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The Bridge by Jane Higgins
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The Bridge (original 2011; edition 2012)

by Jane Higgins (Author)

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86None142,489 (3.71)10
Member:ElizaJane
Title:The Bridge
Authors:Jane Higgins (Author)
Info:Tundra Books (2012), Hardcover, 352 pages
Collections:Review Copies
Rating:****
Tags:arc, tundra, new zealand author, dystopia, science fiction, post apocalyptic, survival, YA, read2012

Work details

The Bridge by Jane Higgins (2011)

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    Legend by Marie Lu (wegc)
    wegc: Both books feature a divided society with one side having military-trained students and the other struggling for survival, and secret plots.
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Showing 1-5 of 17 (next | show all)
This review was written for LibraryThing Early Reviewers.
I usually love dystopian books but this one left me wanting more. A divided city with turf wars and too much confusion about who is where and what they want and who has captured them made it a pretty dull read. ( )
  JRlibrary | Nov 19, 2013 |
A dark dystopia novel set in a fictional city and written by a local author. Unlike most New Zealand dystopias, this does not have the Polynesian feel and the decline seems mainly from humans rather than environmental instability. It is well written, but no light hearted matter. Within the first few chapters, a bomb explodes at the school, killing a number of student and teachers and throwing the City side into disarray. The hostiles from across the river have invaded, they've taken the bridges and are steadily claiming parts of the city for their own. So where is the army? In the ensuring chaos, a child is kidnapped and teenagers Nik and Fyffe resolve to cross the bridge and get him back. What they find is complicated politics, some dark secrets of their own and ultimately heartbreak. Well written, engrossing and well realised, The Bridge definitely deserves its Text Prize award! ( )
  LemurKat | Sep 12, 2013 |
The City is divided. The bridges gated. In Southside, the hostiles live in squalor and desperation, waiting for a chance to overrun the residents of Cityside.

Nik is still in high school but is destined for a great career with the Internal Security and Intelligence Services, the brains behind the war. But when ISIS comes recruiting, everyone is shocked when he isn't chosen. There must be an explanation, but no one will talk about it. Then the school is bombed and the hostiles take the bridges. Buildings are burning, kids are dead, and the hostiles have kidnapped Sol. Now ISIS is hunting for Nik.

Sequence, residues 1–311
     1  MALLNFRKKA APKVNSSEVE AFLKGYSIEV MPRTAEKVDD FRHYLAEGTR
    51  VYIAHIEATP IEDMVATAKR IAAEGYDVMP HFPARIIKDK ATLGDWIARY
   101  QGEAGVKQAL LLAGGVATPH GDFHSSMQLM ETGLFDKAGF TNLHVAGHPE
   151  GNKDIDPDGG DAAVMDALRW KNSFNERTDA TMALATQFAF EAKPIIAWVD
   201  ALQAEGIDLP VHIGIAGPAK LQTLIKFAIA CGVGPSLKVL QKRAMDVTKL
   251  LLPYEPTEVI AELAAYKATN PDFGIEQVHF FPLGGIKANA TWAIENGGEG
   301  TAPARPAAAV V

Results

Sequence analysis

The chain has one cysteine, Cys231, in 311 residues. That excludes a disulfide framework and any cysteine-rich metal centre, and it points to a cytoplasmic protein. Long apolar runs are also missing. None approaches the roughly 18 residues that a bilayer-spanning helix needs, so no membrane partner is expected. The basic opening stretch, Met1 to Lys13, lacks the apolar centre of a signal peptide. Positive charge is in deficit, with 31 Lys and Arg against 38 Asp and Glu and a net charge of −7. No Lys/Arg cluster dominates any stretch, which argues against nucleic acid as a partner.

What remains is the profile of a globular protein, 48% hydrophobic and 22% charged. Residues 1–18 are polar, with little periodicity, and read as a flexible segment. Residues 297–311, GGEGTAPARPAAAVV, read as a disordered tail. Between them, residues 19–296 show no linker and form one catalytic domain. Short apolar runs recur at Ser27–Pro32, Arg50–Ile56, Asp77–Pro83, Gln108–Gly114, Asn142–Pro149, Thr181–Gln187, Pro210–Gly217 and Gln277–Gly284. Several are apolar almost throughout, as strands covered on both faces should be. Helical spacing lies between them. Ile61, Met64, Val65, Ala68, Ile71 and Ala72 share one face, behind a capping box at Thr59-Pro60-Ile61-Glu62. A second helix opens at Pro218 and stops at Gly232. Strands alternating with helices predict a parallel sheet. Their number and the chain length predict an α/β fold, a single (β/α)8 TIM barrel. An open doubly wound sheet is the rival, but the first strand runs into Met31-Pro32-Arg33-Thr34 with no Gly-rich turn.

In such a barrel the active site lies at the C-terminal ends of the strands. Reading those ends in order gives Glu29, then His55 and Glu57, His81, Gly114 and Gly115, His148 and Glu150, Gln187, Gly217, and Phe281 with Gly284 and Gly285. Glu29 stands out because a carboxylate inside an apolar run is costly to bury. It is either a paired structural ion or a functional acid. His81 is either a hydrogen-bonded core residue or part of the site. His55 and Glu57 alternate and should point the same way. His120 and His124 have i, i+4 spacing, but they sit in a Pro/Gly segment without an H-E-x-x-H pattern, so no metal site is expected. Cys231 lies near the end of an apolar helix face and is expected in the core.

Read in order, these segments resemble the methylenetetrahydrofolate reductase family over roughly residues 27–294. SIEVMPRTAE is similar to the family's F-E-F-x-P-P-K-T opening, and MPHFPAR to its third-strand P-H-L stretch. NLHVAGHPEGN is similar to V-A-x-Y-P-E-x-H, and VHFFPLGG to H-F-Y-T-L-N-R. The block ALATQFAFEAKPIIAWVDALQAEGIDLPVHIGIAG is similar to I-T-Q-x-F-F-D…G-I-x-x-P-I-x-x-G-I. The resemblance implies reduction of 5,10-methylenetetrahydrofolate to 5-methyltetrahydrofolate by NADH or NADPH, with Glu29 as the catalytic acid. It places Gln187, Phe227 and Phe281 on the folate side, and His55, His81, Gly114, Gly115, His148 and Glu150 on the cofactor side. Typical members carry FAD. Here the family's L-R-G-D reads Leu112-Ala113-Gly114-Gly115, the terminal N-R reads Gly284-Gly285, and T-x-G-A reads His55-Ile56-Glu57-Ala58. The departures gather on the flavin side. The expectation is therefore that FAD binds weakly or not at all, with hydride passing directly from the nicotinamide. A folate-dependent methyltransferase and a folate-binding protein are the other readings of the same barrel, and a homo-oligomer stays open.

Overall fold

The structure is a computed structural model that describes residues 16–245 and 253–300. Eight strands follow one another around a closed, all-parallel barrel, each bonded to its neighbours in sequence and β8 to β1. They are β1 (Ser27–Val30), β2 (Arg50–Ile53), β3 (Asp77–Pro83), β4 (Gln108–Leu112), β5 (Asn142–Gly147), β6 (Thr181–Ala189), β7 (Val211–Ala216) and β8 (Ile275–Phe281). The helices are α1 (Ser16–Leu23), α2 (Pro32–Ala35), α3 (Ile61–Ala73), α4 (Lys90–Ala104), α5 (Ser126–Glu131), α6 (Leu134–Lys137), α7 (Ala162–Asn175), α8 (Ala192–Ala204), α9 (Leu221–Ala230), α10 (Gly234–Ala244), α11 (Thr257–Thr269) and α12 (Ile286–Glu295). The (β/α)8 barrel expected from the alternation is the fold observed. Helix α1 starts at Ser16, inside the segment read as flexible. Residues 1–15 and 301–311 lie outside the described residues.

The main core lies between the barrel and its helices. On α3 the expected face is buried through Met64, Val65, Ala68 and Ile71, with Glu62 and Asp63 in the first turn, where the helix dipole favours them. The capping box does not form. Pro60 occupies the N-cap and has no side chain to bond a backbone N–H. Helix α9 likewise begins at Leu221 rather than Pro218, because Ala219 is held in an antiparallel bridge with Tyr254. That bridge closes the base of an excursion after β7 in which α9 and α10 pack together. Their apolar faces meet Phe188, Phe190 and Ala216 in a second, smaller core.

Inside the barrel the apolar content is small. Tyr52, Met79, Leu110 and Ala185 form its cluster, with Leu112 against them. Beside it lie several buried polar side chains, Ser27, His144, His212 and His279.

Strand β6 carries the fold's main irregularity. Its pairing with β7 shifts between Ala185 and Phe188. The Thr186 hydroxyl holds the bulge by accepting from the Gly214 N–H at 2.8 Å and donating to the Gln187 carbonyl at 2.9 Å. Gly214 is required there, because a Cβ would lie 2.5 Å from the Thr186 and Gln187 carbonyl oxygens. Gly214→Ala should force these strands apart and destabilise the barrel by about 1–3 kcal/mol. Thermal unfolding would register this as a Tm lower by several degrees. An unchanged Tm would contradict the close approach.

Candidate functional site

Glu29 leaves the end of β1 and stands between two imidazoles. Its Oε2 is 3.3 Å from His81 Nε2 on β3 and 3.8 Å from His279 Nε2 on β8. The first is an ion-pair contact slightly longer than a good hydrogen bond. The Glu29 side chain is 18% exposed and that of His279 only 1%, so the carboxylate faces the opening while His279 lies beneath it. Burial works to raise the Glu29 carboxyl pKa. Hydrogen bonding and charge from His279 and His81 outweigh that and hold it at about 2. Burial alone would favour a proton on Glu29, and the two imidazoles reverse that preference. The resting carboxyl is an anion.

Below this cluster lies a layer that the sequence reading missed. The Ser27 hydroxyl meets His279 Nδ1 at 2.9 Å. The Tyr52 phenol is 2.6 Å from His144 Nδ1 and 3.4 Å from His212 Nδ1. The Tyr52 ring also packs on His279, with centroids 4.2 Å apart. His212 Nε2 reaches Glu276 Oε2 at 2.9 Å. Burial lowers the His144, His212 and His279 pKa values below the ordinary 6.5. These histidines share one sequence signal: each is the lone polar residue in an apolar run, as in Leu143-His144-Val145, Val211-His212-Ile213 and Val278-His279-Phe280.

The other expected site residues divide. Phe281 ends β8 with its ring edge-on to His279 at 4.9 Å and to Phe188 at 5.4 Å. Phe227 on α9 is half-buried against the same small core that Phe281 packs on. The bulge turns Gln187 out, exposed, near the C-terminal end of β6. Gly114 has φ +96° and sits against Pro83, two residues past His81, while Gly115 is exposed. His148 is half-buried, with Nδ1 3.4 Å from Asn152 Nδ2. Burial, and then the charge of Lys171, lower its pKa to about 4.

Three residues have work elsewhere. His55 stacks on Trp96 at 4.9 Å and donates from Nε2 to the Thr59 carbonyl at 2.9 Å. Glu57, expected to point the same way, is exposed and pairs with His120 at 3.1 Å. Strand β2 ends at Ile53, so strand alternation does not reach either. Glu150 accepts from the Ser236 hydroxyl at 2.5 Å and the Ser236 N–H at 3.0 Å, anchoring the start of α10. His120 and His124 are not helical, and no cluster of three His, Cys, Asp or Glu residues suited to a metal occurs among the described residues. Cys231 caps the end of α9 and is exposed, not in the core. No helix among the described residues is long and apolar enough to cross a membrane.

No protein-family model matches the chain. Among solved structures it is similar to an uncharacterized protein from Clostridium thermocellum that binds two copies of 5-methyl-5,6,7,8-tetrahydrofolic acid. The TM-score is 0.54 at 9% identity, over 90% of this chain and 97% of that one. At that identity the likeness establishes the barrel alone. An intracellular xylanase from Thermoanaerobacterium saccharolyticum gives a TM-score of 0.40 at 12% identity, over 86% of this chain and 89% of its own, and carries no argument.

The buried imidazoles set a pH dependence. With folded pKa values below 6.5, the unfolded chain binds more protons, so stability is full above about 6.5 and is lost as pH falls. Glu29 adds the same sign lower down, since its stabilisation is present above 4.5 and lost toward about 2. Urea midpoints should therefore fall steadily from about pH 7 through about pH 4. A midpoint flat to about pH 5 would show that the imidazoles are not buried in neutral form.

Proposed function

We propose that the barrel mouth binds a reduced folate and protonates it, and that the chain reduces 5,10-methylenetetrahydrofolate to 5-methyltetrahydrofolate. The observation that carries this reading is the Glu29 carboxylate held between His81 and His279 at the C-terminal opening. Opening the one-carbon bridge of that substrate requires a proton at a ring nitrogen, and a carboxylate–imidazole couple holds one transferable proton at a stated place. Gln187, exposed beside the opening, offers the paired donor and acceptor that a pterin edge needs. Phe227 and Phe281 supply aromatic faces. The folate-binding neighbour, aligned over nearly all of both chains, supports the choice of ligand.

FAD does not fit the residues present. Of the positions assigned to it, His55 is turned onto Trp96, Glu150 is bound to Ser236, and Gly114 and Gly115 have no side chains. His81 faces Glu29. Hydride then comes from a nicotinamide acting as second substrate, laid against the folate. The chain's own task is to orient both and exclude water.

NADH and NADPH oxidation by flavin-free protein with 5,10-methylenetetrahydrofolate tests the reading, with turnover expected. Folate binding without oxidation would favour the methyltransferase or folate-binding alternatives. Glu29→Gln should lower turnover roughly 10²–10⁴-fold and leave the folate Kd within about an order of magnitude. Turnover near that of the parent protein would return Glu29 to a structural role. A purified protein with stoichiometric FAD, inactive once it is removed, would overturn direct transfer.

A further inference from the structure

But Nik is on the run, with Sol's sister Fyffe and ISIS hot on their trail. They cross the bridge in search of Sol, and Nik finds answers to questions he had never dared to ask.

The Bridge is a gritty adventure set in a future world where fear of outsiders pervades everything. A heart-stopping novel about friendship, identity, and courage from an exciting new voice in young-adult fiction.
  MegBrooks | Sep 3, 2013 |
This review was written for LibraryThing Early Reviewers.
Maybe the abundance of dystopias have made me a little too picky, but I could not get into this story. It seemed very small scale, more like a turf war than the collapse of society. I never connected with the characters and so I gave up on it.
  readr | Jun 10, 2013 |
This review was written for LibraryThing Early Reviewers.
I don’t really have any strong feelings about this book. I mostly feel indifferent.

The book is told from the perspective of main character, Nik, whom I thought was a girl for the first few pages before it told me otherwise. I didn’t dislike Nik, he was a good person who kept getting into trouble for nothing which made me mad; I felt so bad for him. My favorite character, however, was Fyffe, she was so brave in the face of danger, and willing to do whatever it took to get her brother back. The character names were all really original which I loved: Dash, Jono, Fyffe, Sol, Jeitan, Levkova, Coly, Lanya. I really loved Levkova, it was just fun to say.

The world building is a big thing in dystopian fiction. I find it really has the power to either make or break a book. While the war-torn City divided into Southside and Cityside is well described visually and easy to imagine yourself in, the politics behind it became really confusing to me, especially near the end.

There is a lot of action to keep you turning pages and the ongoing search for Sol that keeps you interested. I was both happy and upset with the ending but you can’t always get the best of both worlds I suppose. I’m not really sure if this is a standalone novel or the beginning of a series? It works perfectly fine as a standalone but I could also see it going further. ( )
  BornBookish | Jan 30, 2013 |
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"The city is at war. Southside, the hostiles live in squalor and desperation. They're hungry to cross the river. Cityside, ISIS is in charge. Its job - keep the hostiles at bay. ISIS recruits only the best for its elite command. Nik is smart. Very smart. So why does ISIS reject him? Before he can find out, his school is bombed. The hostiles have taken the bridges, and they've kidnapped Fyffe's brother Sol. Now Nik is on the run. And Fyffe is going with him. Across the bridge." --Back cover.
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In a world divided by war, Nik, a teenager destined for a high-level government position, is caught up in a school bombing that leaves him on the run within the walled-in City, searching for answers.

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Penguin Australia

An edition of this book was published by Penguin Australia.

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